High Technology Entrepreneurs Versus Small Business Owners in Israel

Dafna Schwartz, Ayala Malach-Pines

Research output: Contribution to journalArticlepeer-review

Abstract

In recent years there has been growing interest in the psychology of managers and entrepreneurs. Yet, few studies have compared the two, and the literature often treats them interchangeably. This exploratory study focused on two types of entrepreneurs: high technology entrepreneurs (HTEs) and small business owners (SBOs) who were assumed to be more similar to managers. An attempt to identify psychological similarities and differences between them was made. Twenty-five HTEs and fifty SBOs were interviewed with respect to their family and professional backgrounds, self-perception and work attitudes. Results revealed a number of similarities (high involvement, optimism, energy, independence and initiative) as well as differences (HTEs’ higher level of education, higher military rank and greater leadership experience as compared to the SBOs’ greater realism, greater love of management and greater likelihood of having a father who was also an entrepreneur). These differences were interpreted within a psychoanalytic framework that focuses attention on SBOs’ positive identification with both parents as compared to the HTEs’ negative identification with father and greater identification with work. Practical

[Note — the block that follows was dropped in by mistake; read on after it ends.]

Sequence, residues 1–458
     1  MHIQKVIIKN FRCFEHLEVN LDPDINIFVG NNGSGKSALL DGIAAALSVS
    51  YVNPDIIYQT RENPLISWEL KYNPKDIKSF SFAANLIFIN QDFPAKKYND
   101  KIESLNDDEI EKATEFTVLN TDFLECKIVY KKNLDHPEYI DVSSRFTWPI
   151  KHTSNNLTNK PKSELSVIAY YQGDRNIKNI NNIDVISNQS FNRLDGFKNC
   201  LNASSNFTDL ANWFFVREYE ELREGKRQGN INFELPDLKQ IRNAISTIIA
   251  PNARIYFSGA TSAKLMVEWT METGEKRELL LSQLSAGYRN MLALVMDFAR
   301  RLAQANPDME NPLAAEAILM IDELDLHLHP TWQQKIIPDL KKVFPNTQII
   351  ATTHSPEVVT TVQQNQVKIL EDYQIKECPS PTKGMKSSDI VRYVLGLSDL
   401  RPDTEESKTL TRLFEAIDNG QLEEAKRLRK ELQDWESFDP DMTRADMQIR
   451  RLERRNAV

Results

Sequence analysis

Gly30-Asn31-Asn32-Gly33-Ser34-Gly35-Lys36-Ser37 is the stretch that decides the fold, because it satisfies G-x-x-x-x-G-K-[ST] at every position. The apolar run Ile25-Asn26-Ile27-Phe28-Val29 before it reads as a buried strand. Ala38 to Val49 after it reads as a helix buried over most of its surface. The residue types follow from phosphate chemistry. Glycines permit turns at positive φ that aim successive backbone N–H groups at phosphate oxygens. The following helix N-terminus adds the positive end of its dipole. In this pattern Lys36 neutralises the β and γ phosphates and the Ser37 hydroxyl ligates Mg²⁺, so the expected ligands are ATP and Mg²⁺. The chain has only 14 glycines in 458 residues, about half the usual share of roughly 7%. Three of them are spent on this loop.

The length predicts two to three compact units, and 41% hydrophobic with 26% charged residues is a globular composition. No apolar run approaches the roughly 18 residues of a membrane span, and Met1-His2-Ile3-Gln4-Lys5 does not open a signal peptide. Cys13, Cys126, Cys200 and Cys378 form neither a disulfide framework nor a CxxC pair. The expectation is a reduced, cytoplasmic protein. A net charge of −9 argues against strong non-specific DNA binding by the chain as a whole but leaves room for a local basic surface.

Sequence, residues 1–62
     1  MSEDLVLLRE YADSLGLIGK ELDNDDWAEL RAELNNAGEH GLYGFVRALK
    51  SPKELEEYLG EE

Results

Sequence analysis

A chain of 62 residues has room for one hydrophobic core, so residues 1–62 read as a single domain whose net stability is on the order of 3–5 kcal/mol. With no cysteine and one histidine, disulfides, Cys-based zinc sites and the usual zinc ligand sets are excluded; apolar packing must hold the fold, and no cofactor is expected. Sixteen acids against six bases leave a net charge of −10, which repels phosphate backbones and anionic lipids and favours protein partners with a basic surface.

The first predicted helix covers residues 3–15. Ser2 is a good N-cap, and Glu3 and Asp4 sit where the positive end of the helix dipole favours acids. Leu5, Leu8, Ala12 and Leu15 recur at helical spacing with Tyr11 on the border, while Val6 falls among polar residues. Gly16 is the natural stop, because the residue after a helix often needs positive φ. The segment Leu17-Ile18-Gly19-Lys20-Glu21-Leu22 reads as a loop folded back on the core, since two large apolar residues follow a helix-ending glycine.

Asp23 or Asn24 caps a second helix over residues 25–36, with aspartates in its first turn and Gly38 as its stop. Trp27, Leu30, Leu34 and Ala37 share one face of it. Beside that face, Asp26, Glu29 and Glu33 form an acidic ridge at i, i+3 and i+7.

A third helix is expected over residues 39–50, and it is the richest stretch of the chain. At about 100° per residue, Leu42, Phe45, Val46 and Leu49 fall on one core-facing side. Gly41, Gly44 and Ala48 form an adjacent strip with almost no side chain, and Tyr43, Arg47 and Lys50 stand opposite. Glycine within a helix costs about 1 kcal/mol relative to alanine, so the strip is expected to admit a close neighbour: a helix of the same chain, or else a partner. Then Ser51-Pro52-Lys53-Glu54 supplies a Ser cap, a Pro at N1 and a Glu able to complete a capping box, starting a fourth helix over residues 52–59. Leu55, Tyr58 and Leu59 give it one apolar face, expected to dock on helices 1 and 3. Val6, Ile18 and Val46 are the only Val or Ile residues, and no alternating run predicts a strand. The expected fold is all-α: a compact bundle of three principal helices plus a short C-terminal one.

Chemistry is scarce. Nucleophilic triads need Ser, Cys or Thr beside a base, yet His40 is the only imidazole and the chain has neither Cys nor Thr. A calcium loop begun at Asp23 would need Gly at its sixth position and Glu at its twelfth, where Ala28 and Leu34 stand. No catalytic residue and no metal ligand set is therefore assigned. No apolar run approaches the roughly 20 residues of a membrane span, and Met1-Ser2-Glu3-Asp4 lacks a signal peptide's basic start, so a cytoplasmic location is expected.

implications of these differences for the management of HTEs’ and SBOs’ organisations or businesses and for public policy were drawn.
Original languageEnglish
Pages (from-to)1-17
Number of pages17
JournalThe Journal of Entrepreneurship
Volume16
Issue number1
DOIs
StatePublished - 2007

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